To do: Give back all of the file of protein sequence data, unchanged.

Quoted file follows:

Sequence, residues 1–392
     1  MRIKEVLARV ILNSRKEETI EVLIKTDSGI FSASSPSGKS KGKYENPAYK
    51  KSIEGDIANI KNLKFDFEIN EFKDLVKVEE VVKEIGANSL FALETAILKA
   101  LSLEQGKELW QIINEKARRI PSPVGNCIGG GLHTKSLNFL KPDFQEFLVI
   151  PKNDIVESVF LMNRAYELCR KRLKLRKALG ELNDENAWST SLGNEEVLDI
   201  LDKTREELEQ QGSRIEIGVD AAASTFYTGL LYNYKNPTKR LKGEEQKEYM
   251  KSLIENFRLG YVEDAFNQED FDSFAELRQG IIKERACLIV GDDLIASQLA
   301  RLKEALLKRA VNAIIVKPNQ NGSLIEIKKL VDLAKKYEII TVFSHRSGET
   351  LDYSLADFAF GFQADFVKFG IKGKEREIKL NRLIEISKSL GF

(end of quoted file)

Sequence, residues 1–392
     1  MRIKEVLARV ILNSRKEETI EVLIKTDSGI FSASSPSGKS KGKYENPAYK
    51  KSIEGDIANI KNLKFDFEIN EFKDLVKVEE VVKEIGANSL FALETAILKA
   101  LSLEQGKELW QIINEKARRI PSPVGNCIGG GLHTKSLNFL KPDFQEFLVI
   151  PKNDIVESVF LMNRAYELCR KRLKLRKALG ELNDENAWST SLGNEEVLDI
   201  LDKTREELEQ QGSRIEIGVD AAASTFYTGL LYNYKNPTKR LKGEEQKEYM
   251  KSLIENFRLG YVEDAFNQED FDSFAELRQG IIKERACLIV GDDLIASQLA
   301  RLKEALLKRA VNAIIVKPNQ NGSLIEIKKL VDLAKKYEII TVFSHRSGET
   351  LDYSLADFAF GFQADFVKFG IKGKEREIKL NRLIEISKSL GF